5 reasons Diablo 3 is a fail

by manylaughs on May 28, 2012

Activision-Blizzard

According to Blizzard’s recent press release, Diablo 3 has sold over 6.3 million copies, with “more than 4.7 million gamers” on day 1, Diablo 3 was “the biggest PC-game launch in history.” Pretty impressive. Diablo 3 might be “the biggest PC-game launch in history”, but it’s also on its way to being one of the biggest fails in PC-game history. Here’s why:

Error 37
Diablo 3 was not ready for launch and it still isn’t. On day one at 12:01 PDT, most of those 4.7 million gamers weren’t even able to log, constantly getting the now infamous Error 37. Diablo 3 is a single-player game with multi-player options, but players were forced online to play because Activision-Blizzard’s always-on DRM connection forced them to.

Activision-Blizzard wasn’t ready for all the gamers who wanted to play their game. They should’ve been.

The loot tables are a mess
Blue items, supposedly uncommon, drop all the time, and after you get to about level 15 or so, gold items, “rare” loot, drop about once or twice every hour on normal difficulty. That’s too much.

As a result, gold items are plentiful on the AH. This undermines one of the major points of an action-role-playing game (ARPG) like Diablo 3: The loot grind. It’s part of the reward of grinding at the higher difficulty levels – Nightmare, Hell, Inferno – to get cooler and more awesome loot.

If “rare” stuff drops like IQs during a Jersey Shore marathon, what’s the point?

The real money Auction House will destroy the game
For a while, back in the olden days of MMOs, reselling rare loot items from MMOs (Was it only WoW?) for real cash was undermining gaming. Games quickly squashed this activity by banning players who bought or sold these items and by implementing some simple solutions, such as bind-on-equip and bind-on-pickup for rare loot. With Diablo 3, Activistion-Blizzard decided to forego all that silliness:  everything can be put up for sale on the AH and it can be sold for real money.

In what might be the most bone-headed, cynically greedy move in gaming history, Activision-Blizzard has embraced the idea of making money, real-life dinero, from your loot. So put your loot up for sale and make some bucks, right? You get some cash for your game time, Blizzard takes a cut and everyone is happy, right?

Wrong. This will destroy the game. With real cash on the line gold-sellers and bots will flood the game. You can already see this happening: There are more gold-sellers in general chat than players. The real-money Auction House has barely been functional for more than a day or so since launch (See Error 37 above.); imagine what it’s going to be like once it’s up and running regularly.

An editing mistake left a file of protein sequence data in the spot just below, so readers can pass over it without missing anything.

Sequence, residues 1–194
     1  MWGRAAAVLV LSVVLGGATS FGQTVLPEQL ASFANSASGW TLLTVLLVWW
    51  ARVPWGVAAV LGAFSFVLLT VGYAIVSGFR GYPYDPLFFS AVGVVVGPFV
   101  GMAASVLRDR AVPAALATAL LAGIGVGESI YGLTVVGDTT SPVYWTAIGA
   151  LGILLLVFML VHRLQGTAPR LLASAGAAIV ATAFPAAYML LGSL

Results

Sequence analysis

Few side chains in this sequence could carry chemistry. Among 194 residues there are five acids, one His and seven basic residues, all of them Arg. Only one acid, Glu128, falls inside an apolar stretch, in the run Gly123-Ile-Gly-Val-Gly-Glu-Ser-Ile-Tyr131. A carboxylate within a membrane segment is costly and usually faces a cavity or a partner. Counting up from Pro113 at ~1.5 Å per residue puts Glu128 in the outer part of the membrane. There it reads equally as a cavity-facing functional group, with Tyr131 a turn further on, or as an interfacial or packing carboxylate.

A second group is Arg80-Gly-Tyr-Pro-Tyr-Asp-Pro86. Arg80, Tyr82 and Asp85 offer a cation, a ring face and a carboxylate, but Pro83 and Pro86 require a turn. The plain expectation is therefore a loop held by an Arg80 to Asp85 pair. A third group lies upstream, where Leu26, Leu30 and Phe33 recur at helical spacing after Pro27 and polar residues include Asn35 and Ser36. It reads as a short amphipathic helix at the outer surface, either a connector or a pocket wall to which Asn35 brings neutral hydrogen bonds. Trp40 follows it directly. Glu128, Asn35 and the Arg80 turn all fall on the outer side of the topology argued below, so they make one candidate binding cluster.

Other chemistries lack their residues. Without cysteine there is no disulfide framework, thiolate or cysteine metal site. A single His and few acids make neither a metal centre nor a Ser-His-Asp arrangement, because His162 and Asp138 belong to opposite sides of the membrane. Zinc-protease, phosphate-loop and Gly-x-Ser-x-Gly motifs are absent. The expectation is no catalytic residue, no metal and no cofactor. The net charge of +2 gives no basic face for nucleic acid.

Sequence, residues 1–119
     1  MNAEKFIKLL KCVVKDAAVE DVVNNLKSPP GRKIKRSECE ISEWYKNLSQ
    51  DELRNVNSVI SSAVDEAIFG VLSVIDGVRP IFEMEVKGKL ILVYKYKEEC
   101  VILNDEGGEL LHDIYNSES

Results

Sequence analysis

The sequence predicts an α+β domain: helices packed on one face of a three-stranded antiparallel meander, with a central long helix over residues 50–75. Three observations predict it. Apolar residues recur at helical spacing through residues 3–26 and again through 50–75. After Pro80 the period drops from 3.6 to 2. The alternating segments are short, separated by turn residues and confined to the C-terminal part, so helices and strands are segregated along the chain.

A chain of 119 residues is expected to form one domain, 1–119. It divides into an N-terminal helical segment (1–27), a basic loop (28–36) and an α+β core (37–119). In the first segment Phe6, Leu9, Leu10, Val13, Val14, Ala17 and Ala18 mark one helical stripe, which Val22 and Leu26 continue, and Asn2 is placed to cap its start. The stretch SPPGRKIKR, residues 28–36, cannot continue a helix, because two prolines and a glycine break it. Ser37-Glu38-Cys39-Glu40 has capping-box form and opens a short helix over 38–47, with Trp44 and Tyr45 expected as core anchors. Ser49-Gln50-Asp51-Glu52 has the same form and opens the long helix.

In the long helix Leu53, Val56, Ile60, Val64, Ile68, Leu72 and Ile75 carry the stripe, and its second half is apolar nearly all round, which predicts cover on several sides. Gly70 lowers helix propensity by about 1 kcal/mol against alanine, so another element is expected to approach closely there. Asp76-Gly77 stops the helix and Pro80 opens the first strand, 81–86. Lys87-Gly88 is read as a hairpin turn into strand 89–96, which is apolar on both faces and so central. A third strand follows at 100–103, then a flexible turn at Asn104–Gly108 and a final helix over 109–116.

Always-on DRM is an epic fail
Gamers get it, Blizzard. You want to protect your product and stop piracy. How’s that working for you?

Judging by all the gold sellers in general chat with random Battlenet gamer IDs like ERZZZ123 and ASDF321, plus all the reports of hacked Battlenet accounts, it seems you might be having some issues.

Maybe always-on DRM is the future of gaming, but Blizzard’s implementation is a fail on a grand scale. Blizzard has basically kept the honest honest and saddled them with aggravation. Gamers get lag, disconnects and gold sellers in general chat; gold sellers get to spam 6 million players and hackers get your account. Such a deal.

Diablo 3 does nothing to advance the ARPG genre.
StarCraft II brought storytelling and lots of gaming updates to real-time strategy (RTS) games. In almost every aspect of gameplay, StarCraft II raised the bar on the existing RTS standard. Diablo 3 keeps the bar exactly where it was.

There’s nothing especially innovative about Diablo 3. In fact, it’s not even as good as Torchlight which came out a couple of years ago. Torchlight has randomized dungeons; pets that will take your trash loot back to town while you keep adventuring (You have to open a portal and go yourself in Diablo 3.); fishing if you get tired of all the ARPG slaying; and players can even make mods for the game. And Torchlight does all this for $20!

The more you look at Torchlight the worse Diablo 3 begins to look.

Diablo 3 is a fun, enjoyable game. It has a nice story and fun combat, but it’s nothing special. After a month or so, gamers will tire of the game and after a few more months all the problems of the always-on DRM connection and the real-money Auction House will eventually destroy the game.

Comments on this entry are closed.

Previous post:

Next post: